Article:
Where Local and Global Appetites Collide

Country of Chile Exports Chicken to the United States (Yay or Nay?)

Call me old fashioned or maybe call me a nationalist, I don’t really care. Doesn’t the United States provide enough chickens for the U.S. population? Are we denying U.S. chicken farmers income and a distribution chain?

Oct. 30, 2007 – The U.S. Department of Agriculture’s Food Safety and Inspection Service (FSIS) announced that the country of Chile will be allowed to export poultry and poultry products, processed in certified establishments within Chile, to the United States effective December 3, 2007.

FSIS has determined that Chile’s laws, regulations and other materials showed that its poultry inspection system includes requirements equivalent to all provisions in the Poultry Products Inspection Act and its implementing regulations. FSIS, through annual on-site reviews, will verify that establishments certified by the government of Chile continue to meet all U.S. requirements.

In addition to relying on its initial determination of a country’s eligibility and performing ongoing audits to ensure that products shipped to the U.S. are safe, wholesome and properly labeled and packaged, poultry and poultry products exported to the U.S. from Chile will be subject to FSIS reinspection procedures at ports of entry for proper certification, labeling, transportation damage and general condition. Selected shipments will be subject to additional reinspection procedures including examinations for product defects, laboratory analyses to detect harmful chemical residues, or pathogen testing appropriate for the product.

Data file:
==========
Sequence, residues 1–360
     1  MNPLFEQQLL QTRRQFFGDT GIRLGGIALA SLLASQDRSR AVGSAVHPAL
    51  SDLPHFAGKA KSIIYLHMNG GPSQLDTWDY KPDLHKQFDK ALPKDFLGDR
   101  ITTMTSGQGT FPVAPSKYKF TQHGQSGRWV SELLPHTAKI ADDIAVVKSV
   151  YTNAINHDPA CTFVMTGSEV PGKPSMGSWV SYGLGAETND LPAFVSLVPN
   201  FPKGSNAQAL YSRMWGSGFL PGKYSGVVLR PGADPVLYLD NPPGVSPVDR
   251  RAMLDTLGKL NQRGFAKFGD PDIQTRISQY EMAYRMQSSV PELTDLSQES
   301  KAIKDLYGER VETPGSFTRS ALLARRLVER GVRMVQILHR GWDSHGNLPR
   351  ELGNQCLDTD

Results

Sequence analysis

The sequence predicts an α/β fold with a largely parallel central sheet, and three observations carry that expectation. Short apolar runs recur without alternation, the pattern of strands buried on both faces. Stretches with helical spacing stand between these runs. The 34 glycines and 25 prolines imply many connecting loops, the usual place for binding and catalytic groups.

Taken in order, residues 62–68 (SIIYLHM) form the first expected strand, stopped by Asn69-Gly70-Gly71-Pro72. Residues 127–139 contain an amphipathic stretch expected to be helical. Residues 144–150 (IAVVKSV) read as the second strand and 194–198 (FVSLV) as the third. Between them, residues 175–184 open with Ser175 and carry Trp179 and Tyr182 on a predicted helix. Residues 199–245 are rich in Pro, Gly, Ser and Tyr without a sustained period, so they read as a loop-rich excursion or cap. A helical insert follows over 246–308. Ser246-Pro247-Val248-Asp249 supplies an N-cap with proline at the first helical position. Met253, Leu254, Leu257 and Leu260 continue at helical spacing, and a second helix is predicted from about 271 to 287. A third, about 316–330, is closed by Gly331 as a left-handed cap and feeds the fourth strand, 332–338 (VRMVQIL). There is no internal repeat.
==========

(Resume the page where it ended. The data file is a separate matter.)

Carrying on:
The proposed rule to allow the export of poultry and poultry products from Chile was published in February 2007 following a thorough evaluation of Chile’s poultry inspection system, laws, regulations and on-site reviews that began in 1997 after Chile requested approval to export these products to the U.S.

By spending the fossil fuel to ship from Chile to the United States, aren’t we wasting energy and resources? Isn’t there some local chicken farmer who could benefit more?

Also one has to wonder the mode of transportation and at what degrees will chickens be shipped and in what degrees will they arrive and be handled. If you ask me — there seems to be a lot of opportunity for defrosting and refrosting and the development of bacteria.

What do you think? I love Chilean wine but…

  1. I agree totally!
    What happened to local and sustainable?